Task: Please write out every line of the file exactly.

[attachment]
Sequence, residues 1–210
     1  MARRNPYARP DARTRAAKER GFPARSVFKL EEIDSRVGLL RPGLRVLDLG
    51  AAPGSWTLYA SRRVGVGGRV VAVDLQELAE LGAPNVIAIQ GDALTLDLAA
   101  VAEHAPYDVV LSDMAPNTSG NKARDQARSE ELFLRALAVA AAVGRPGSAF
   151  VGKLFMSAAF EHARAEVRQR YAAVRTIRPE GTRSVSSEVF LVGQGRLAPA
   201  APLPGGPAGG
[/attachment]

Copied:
Sequence, residues 1–210
     1  MARRNPYARP DARTRAAKER GFPARSVFKL EEIDSRVGLL RPGLRVLDLG
    51  AAPGSWTLYA SRRVGVGGRV VAVDLQELAE LGAPNVIAIQ GDALTLDLAA
   101  VAEHAPYDVV LSDMAPNTSG NKARDQARSE ELFLRALAVA AAVGRPGSAF
   151  VGKLFMSAAF EHARAEVRQR YAAVRTIRPE GTRSVSSEVF LVGQGRLAPA
   201  APLPGGPAGG